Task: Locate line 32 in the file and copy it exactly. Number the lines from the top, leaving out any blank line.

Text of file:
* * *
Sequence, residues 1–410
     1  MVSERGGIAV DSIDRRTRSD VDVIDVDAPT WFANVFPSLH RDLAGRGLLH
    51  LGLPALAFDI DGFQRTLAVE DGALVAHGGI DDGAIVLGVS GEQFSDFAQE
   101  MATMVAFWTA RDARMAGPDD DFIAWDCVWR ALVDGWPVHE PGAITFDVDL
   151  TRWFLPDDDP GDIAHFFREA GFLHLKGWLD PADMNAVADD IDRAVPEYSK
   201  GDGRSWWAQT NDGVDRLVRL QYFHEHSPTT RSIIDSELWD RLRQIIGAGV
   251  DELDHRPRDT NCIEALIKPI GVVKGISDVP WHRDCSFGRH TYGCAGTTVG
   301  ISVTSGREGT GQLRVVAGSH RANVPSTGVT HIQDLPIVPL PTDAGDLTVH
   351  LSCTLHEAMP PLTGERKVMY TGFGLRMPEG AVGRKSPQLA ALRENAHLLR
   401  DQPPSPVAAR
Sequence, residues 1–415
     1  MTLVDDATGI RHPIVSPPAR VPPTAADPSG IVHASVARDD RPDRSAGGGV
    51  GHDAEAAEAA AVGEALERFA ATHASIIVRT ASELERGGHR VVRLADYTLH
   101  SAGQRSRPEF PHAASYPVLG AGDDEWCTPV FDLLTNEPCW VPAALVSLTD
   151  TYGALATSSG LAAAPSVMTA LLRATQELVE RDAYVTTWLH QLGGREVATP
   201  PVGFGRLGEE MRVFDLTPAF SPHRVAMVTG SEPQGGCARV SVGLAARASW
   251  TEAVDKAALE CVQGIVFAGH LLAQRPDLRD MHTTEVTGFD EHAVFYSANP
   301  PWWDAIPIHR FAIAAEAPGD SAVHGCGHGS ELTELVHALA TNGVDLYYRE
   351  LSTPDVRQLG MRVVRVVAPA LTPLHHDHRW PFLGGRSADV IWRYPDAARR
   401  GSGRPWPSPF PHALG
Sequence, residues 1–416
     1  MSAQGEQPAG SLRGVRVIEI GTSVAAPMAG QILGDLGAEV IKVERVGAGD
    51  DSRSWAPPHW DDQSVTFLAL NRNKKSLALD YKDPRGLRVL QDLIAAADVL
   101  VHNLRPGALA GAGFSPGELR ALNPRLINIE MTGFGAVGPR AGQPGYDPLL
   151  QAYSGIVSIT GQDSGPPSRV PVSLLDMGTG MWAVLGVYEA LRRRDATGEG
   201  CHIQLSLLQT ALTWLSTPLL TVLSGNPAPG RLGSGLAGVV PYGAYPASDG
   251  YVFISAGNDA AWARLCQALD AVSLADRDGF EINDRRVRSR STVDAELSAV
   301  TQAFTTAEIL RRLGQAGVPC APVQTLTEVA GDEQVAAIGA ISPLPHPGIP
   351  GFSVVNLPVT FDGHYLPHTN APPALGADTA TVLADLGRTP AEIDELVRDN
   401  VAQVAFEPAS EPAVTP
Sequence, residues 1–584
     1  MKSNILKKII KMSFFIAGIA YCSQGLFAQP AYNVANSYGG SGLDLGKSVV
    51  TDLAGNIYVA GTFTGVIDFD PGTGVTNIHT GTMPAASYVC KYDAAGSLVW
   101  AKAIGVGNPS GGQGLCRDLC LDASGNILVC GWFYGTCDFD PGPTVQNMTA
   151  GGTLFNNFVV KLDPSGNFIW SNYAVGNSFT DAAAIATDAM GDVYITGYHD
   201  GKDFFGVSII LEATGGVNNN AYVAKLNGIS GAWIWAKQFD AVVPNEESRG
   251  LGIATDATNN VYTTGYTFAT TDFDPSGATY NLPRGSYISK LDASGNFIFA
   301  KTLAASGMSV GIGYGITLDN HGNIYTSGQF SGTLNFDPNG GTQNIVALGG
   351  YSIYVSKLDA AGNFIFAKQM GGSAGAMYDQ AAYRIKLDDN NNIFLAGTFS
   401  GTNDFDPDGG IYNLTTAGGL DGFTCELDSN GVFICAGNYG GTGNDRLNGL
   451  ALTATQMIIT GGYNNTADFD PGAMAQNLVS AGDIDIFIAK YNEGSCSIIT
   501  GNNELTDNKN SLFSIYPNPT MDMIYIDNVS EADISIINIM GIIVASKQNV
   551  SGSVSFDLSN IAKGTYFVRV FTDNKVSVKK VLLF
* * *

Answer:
     1  MKSNILKKII KMSFFIAGIA YCSQGLFAQP AYNVANSYGG SGLDLGKSVV